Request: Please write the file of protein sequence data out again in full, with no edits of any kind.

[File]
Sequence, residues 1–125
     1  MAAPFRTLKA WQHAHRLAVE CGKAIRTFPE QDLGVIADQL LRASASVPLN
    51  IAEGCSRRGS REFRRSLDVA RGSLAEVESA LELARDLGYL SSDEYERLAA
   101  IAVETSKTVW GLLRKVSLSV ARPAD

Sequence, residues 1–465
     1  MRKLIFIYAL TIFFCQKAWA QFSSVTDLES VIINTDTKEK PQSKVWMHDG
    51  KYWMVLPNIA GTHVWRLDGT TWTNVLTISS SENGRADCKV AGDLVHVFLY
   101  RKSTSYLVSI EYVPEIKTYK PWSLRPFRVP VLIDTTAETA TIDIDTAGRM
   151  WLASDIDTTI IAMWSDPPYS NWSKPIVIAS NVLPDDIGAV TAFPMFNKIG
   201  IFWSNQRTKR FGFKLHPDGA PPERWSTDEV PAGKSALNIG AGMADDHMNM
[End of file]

Sequence, residues 1–125
     1  MAAPFRTLKA WQHAHRLAVE CGKAIRTFPE QDLGVIADQL LRASASVPLN
    51  IAEGCSRRGS REFRRSLDVA RGSLAEVESA LELARDLGYL SSDEYERLAA
   101  IAVETSKTVW GLLRKVSLSV ARPAD

Sequence, residues 1–465
     1  MRKLIFIYAL TIFFCQKAWA QFSSVTDLES VIINTDTKEK PQSKVWMHDG
    51  KYWMVLPNIA GTHVWRLDGT TWTNVLTISS SENGRADCKV AGDLVHVFLY
   101  RKSTSYLVSI EYVPEIKTYK PWSLRPFRVP VLIDTTAETA TIDIDTAGRM
   151  WLASDIDTTI IAMWSDPPYS NWSKPIVIAS NVLPDDIGAV TAFPMFNKIG
   201  IFWSNQRTKR FGFKLHPDGA PPERWSTDEV PAGKSALNIG AGMADDHMNM